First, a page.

Saturday, May 26, 2018

Users will own the media: how journalism is evolving

Alfredo Triviño has worked largely behind the scenes on some of the biggest digital media projects for some of the biggest brands in the world. But you might not have heard of him.

Alfredo Triviño: users will own the media, in every sense
He spent seven years in senior management roles at News Corp., ultimately as director of innovation, where he worked on development of a pay model for digital journalism and on long-term editorial and commercial growth strategies. (He is a 1999 graduate of the University of Navarra School of Communication, where I teach.)

He was invited to give the closing keynote address last week to the annual conference of the Spanish Journalism Society (SEP, Sociedad Española de Periodística). He ruminated casually about trends he sees in the worlds of digital journalism and digital commerce, mixing some English terminology into his Spanish presentation. Among the shifts he sees:

A shift from journalism and commerce to journalism vs. commerce. That is, the two will operate in separate worlds. Journalism will depend on the support of user communities rather than advertising. Brands will create their own digital media rather than publishing their messages on TV, radio, and in print.

Versión en español

A shift from paid editorial (subscriptions) to shared ownership. By this Triviño meant that groups of users will form around a topic of shared interest--local news of a community, a social issue, or a shared cultural interest, for example. They will be active participants rather than passive consumers. They will interact with the journalists, suggest topics to editors, share their knowledge, create content, contribute money, and support the mission of the publication because they feel they are part of it and it speaks for them. "This is ours; we own it".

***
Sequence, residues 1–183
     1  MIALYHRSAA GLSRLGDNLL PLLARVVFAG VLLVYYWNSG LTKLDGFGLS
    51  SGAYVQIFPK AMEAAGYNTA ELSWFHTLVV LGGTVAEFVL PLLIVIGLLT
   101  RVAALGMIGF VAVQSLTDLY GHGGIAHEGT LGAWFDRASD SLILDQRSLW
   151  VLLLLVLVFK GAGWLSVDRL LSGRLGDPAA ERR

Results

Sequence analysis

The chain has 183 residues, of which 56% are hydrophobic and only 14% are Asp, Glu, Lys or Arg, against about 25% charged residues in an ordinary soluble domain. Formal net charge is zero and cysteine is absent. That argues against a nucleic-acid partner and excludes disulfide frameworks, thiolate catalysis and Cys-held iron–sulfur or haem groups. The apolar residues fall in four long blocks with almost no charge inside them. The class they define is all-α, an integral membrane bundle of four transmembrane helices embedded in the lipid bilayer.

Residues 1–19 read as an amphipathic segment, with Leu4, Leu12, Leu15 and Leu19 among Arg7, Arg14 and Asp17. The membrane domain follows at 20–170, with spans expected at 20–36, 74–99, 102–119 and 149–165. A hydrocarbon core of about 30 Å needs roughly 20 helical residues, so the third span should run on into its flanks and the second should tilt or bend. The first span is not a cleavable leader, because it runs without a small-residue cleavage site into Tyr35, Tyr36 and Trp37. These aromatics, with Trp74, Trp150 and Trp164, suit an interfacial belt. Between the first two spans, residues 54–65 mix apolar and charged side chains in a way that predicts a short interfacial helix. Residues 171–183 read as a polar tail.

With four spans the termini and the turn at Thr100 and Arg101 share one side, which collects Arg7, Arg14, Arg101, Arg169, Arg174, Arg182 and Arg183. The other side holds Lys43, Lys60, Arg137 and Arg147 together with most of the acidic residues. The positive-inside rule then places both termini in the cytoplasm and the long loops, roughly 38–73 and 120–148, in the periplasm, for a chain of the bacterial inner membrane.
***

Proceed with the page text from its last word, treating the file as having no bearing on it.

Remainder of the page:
A shift from products to movements. That is, both media and commerce will try to engage people with a sense of shared values, ethics, or aspirations. The public, the users want to be part of something bigger.

Triviño showed an image of former FBI director James Comey and his book, "A Higher Loyalty" to capture the notion that people want to identify with something aspirational and transformational, something other than just consuming a product. (Interestingly, the founder of one of the most successful independent digital media startups, De Correspondent of Holland, has said the same thing: "Start a movement, not a publication".)

A focus on the Truth. By this Triviño meant high-quality, authentic, surprising content, not clickbait or noise. In the digital age, large news organizations have focused too much on distribution--quantity rather than quality, speed rather than reflection--all of which has served users badly, he said. Publishers have saturated users with low-quality content in order to generate clicks and ad revenue and have ended up driving users away. 

As a media consultant, Triviño has tried to help media counter these trends. He is founder and CEO of Audacity Partners--which creates print and digital products in media, entertainment and education for clients such as Spain's leading news outlet, El País, as described in the promotional video below.

El País Economía ( 2 ) from Audacity Partners on Vimeo.

The decline of advertising

Triviño is also founder and CEO of Lyxstreet, which designs marketing campaigns for brands.
The advertising side of the media equation is also changing radically. "Brands are becoming their own media," Triviño said. Rather than advertising products in traditional media--"products aren't worth anything"--brands are developing their own immersive, video-based experiences, particularly on mobile platforms, to drive ecommerce. "Content-driven experiences will win," he said.

Triviño affirmed some of the same trends I have been seeing, although I may be describing them in different terms:

  • A pivot of publishers toward users and away from advertisers and investors (here, here and here). 
  • As an extension of that, Credibility as the new currency of journalism, its most important asset (here and here).
Triviño's companies and projects will be watched with interest.

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